I write to you with a light heart and in gratitude for the generosity that enabled me to attend the 2017 Friends General Conference held at Niagara University, New York. It was a week filled with quiet companionship, and old and new Friends. It was also a week filled with deep contemplation and renewal of Spirit.
I arrived at FGC early afternoon on First Day, July 2nd, after three days of travel. My chosen volunteer action was to help register Friends that evening from 7:00 p.m. to 10:00 p.m. but when my partner heard that this was my first FGC she insisted that I attend the All Gathering Opening Worship. G. Peter Jemison of the Seneca Nation, the historical stewards of the Niagara Falls area, opened the worship with a Thanksgiving Address given in the native language of the Haudenosaunee, also known as the Iroquois Confederacy, gatherings. These traditional words were used to open and close all gatherings of the Haudenosaunee to bring people together in thankfulness of all Mother Earth gives us. The Haudenosaunee is comprised of the six native tribes of the area: Seneca, Mohawk, Oneida, Onondaga, Cayuga, and (the last added tribe) Tuscarora. You can read and listen to a beautifully detailed English version of the Thanksgiving Address here> . Mr. Jemison went on to explain the different Native American clans and tribal hierarchy and ended his presentation with a brief history of tribal interactions with the United States Government. It was a moving and insightful presentation.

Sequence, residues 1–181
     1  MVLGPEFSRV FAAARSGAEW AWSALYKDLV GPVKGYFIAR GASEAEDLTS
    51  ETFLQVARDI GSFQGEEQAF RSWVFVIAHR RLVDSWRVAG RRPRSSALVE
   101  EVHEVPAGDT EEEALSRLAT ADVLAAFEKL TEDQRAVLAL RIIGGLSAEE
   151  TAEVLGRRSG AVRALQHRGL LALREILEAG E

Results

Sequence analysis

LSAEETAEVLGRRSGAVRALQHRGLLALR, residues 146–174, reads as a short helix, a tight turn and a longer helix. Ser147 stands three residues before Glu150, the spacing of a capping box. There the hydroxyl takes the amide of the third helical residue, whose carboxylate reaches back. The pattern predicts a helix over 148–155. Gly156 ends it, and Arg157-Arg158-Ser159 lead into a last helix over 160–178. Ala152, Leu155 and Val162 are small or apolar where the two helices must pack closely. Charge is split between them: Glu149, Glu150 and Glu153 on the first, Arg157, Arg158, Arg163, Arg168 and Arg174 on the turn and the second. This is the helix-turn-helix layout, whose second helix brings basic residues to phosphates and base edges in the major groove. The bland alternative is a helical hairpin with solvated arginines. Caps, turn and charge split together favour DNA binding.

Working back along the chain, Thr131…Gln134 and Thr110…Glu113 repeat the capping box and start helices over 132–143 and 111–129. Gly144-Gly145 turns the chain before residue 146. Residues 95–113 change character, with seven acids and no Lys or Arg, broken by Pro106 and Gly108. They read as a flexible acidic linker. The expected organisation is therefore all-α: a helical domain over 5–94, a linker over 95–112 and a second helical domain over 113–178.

On Monday, I attended the first session of my chosen workshop, Zentangle. I wanted a workshop that would broaden my often single-minded adherence to clerical, practical tasks. Each day I spent a couple of hours exploring the “other side” of my brain, letting my mind be immersed in creativity while the outside world remained on the other side of the door. The practical aspect of Zentangle is that you can spend hours or simply a few minutes resting your mind and soul and refreshing your being for the tasks at hand. And all you need is a pencil and a piece of paper!
That afternoon I attended the Book Author Event where SEYM Friend Jerry Knutson (Orlando MM) spoke about his pamphlet, “Individual Spiritual Discernment,” Pendle Hill No. 443. I’d read the pamphlet when it arrived at St. Petersburg Meeting and appreciated learning about Jerry’s writing process and the insights he’d gained while publishing his work.